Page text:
Parker gave over much of his booth at the Armory Show to the painter Jonas Wood, another L.A. artist, and put the video of my birth dead center. People either ignored my video or told Parker how much they hated it. Perhaps as a result of this detestation, Jonas was selling like hot cakes, and the Chelsea dealer Anton Kern offered to start showing him in New York. I hung around the booth, my excitement giving way to horror as I witnessed in real time my dreams fading from view, all the while trying to hype my ill-conceived video and losing so-called friends in the process. I was devastated. I might have gotten away with this in L.A., where everyone knew me and could forgive, however begrudgingly, my more disagreeable gags. It hadn’t occurred to me that the world was much larger than Chinatown.

More to the point, I’d spent my whole career as an art dealer in L.A. trying to subvert this role, making it into a joke, taking it seriously as if by accident, only to come to New York and realize that being an art dealer was the only thing I was good at.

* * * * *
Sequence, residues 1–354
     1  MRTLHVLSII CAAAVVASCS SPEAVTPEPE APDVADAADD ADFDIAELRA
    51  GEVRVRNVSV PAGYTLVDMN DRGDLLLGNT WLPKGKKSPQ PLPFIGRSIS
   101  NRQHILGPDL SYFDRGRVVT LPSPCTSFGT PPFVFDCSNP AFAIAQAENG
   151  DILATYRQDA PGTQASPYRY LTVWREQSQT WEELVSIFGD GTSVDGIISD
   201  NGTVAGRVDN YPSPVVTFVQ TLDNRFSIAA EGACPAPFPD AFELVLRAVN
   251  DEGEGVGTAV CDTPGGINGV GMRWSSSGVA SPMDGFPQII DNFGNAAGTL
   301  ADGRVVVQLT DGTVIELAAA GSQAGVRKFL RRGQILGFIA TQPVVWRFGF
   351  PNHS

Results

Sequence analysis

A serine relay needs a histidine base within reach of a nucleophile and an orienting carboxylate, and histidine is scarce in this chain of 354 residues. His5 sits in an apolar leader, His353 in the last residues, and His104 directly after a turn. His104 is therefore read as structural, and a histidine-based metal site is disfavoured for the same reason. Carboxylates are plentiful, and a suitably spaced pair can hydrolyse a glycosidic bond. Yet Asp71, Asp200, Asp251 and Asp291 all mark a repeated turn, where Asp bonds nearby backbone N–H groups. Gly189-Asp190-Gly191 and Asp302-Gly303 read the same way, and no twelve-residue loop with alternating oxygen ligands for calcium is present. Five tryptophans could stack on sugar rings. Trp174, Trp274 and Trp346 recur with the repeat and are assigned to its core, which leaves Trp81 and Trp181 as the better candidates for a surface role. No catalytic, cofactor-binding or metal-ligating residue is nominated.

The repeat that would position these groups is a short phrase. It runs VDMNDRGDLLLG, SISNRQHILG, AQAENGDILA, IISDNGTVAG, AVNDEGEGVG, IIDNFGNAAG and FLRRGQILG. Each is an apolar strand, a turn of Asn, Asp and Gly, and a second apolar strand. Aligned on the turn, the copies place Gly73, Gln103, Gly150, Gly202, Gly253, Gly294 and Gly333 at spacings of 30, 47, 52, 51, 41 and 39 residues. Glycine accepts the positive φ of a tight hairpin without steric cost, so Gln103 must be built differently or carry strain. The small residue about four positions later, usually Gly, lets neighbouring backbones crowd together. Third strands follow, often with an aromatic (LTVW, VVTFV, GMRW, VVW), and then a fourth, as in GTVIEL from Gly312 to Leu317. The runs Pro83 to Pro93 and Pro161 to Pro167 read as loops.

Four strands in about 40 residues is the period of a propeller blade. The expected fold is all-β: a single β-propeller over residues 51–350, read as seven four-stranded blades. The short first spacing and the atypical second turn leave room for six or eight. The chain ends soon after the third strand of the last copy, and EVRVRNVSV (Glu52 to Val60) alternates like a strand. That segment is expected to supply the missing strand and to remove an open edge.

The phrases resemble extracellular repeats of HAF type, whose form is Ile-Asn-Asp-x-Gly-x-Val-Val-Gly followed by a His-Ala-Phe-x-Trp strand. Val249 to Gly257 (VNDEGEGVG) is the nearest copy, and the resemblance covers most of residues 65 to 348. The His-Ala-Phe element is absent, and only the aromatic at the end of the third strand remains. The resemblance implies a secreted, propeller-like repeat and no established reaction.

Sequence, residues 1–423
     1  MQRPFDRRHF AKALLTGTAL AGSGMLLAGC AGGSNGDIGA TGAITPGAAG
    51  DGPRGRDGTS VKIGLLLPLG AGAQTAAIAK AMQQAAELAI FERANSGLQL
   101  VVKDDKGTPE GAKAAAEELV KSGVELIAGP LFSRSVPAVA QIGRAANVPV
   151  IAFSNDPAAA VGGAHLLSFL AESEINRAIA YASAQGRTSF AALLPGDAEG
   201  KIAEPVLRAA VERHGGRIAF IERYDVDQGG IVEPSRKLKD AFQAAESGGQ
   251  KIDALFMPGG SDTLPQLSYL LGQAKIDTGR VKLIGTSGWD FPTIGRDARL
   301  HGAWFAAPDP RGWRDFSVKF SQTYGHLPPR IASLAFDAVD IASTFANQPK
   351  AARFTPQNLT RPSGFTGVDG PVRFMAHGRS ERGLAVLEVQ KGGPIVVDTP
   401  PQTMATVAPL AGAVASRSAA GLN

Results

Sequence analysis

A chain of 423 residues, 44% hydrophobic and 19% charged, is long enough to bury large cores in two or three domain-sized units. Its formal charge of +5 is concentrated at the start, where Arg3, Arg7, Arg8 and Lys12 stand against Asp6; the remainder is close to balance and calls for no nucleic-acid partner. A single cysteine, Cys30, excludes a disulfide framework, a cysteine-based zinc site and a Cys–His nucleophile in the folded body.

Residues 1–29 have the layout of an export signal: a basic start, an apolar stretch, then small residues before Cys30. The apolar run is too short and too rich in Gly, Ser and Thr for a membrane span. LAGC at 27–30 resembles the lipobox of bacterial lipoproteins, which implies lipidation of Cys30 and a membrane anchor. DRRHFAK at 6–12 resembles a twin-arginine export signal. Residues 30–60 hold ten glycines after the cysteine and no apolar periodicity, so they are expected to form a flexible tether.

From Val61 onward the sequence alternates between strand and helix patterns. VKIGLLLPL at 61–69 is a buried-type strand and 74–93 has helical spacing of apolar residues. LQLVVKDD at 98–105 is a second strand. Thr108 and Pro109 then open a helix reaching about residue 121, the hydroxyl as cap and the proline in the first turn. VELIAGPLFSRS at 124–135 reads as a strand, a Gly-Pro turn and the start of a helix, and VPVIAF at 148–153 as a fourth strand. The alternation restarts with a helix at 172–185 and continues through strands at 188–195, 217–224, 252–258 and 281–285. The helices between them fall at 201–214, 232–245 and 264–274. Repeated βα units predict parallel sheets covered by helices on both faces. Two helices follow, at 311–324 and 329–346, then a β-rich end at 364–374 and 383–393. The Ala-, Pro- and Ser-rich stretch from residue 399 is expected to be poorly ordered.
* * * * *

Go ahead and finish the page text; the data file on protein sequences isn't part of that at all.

I decided to reopen Rental in New York. If I wanted to stay there, I couldn’t do it as an artist. I rented a sixth-floor space on East Broadway, in Chinatown. I was back in the land of bus depots and mah-jongg parlors and Chinese businessmen I felt comfortable negotiating with. It was the only place in New York people like me could get a lease without a guarantor. I hoisted paintings up the side of the building through the windows because they wouldn’t fit in the tiny elevator. (Pablo Picasso’s granddaughter Marina would eventually tell me, “Your elevator smells like piss.”) At the opening of Rental I overheard a prominent New York critic talking to the dealer Andrew Kreps. He said, “I’m not sure why we’re here.” But there they were. Roberta Smith reviewed the show for The New York Times. After I read the review, I bought a twin bed and built a makeshift room for myself in the gallery because I figured I’d be staying a while.